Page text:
The legend of Tom Thumb began as a folktale of unknown ancient origins that is almost certainly based on an oral tradition. The novelty of Tom's adventures has clearly captured the imagination of people throughout the ages and across cultures, as demonstrated by the multicultural versions, as well as English adaptations to the tale. A...
Tristan and Isolt's conflict of love and loyalty is one of the classic tales of Western literature; in the Arthurian tradition, their tragic tragectory rivals and complements that of Lancelot and Guinevere. The basic story is one of mis-directed love: Tristan, the heroic nephew of King Mark of Cornwall, is sent to Ireland to escort the Irish...
Uther is the brother of Aurelius Ambrosius and Constans and the father of Arthur. Geoffrey of Monmouth explains that Uther is called Uther Pendragon because of a comet in the shape of a dragon that appeared in the sky before a battle with the Saxons in which his brother Aurelius dies. The dragon is a sign of Aurelius’s death and Uther’...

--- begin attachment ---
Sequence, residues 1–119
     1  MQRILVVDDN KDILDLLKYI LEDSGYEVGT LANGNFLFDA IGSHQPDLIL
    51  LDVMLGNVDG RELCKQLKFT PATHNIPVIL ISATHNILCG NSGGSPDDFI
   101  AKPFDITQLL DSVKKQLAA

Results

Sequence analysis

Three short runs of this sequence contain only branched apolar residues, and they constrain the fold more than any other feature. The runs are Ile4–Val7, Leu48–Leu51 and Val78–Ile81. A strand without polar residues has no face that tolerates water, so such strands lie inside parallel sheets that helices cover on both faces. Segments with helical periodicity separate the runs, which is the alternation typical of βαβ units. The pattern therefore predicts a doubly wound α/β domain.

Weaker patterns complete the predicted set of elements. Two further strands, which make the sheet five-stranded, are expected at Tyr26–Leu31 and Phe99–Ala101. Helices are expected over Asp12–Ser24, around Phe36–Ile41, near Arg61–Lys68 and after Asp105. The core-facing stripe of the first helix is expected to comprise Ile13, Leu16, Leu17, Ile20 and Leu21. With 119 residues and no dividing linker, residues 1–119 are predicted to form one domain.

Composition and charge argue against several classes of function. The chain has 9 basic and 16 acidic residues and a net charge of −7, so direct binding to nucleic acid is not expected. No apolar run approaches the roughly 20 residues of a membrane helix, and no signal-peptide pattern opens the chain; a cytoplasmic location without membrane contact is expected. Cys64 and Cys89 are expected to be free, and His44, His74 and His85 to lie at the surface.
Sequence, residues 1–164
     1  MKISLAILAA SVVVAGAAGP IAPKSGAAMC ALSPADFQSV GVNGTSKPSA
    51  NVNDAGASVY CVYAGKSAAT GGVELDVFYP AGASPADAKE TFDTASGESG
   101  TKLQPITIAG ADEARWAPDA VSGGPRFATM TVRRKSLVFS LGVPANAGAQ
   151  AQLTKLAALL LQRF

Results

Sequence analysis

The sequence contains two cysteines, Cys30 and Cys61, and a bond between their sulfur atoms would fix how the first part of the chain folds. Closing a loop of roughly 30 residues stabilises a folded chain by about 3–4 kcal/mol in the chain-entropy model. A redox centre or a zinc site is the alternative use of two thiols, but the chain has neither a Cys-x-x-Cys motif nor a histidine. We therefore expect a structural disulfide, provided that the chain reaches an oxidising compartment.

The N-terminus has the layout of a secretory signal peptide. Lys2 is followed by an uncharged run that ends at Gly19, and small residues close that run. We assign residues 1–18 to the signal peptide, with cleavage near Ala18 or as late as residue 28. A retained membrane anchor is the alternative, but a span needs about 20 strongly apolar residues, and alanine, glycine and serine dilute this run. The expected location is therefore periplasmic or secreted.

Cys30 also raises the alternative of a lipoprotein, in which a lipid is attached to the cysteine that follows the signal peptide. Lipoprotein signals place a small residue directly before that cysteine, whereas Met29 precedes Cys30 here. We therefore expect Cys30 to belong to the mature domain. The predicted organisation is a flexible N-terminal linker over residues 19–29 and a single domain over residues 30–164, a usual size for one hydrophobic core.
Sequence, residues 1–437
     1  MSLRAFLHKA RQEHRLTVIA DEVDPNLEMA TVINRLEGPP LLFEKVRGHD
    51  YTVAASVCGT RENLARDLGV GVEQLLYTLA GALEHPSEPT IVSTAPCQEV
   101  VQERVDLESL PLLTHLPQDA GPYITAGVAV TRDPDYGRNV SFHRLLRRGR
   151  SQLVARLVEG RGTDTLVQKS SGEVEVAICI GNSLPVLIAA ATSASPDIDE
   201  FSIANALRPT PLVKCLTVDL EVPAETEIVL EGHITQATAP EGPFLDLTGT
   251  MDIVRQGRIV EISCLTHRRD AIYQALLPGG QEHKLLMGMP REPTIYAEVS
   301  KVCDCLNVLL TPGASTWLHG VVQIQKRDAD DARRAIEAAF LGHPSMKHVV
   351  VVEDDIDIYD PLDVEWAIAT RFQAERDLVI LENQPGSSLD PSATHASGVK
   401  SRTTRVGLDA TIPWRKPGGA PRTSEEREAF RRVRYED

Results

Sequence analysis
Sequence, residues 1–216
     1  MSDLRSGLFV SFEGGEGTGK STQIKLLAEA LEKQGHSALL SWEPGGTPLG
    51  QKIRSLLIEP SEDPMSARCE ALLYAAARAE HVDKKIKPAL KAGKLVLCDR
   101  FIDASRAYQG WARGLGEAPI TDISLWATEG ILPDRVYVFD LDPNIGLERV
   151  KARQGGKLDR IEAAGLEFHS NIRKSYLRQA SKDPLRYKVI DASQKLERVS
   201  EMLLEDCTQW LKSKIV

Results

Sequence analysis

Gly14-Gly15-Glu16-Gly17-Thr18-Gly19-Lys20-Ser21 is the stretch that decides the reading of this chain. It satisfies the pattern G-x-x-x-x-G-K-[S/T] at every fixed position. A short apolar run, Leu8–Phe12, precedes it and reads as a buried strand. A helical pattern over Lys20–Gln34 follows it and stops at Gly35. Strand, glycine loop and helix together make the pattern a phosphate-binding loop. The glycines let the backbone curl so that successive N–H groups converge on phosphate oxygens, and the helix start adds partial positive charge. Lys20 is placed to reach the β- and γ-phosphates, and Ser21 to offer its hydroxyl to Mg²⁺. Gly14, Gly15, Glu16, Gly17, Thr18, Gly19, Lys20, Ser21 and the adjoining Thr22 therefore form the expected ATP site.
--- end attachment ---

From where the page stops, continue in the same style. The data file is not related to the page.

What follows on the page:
Vivien, sometimes called Nineve, Nimue, Niniane, etc., is best known as the woman who seals Merlin in a cave or a tree. Despite foreseeing his fate, Merlin is unable to prevent being captivated and captured by the woman Richard Wilbur has called "a creature to bewitch a sorcerer." Vivien is an ambiguous character. In Malory, for example...
Gildas refers to a "superbus tyrannus" (proud ruler) who invites the Saxons into Britain. Bede names this figure Vortigern. Nennius tells of Vortigern's attempt to build a tower which will not stand. He is advised to sprinkle the site with the blood of a child with no father. The child—Ambrosius in Nennius's account and...
Yvain is the cousin of Gawain and the son of Morgan le Fay and Uriens. As Owain, he appears in the Welsh tale of The Dream of Rhonabwy and is the hero of the Welsh analogue to Chrétien de Troye's Yvain or the Knight of the Lion. Both Chrétien's tale and the Welsh Owain tell the story of Yvain's (or Owain's) adventures...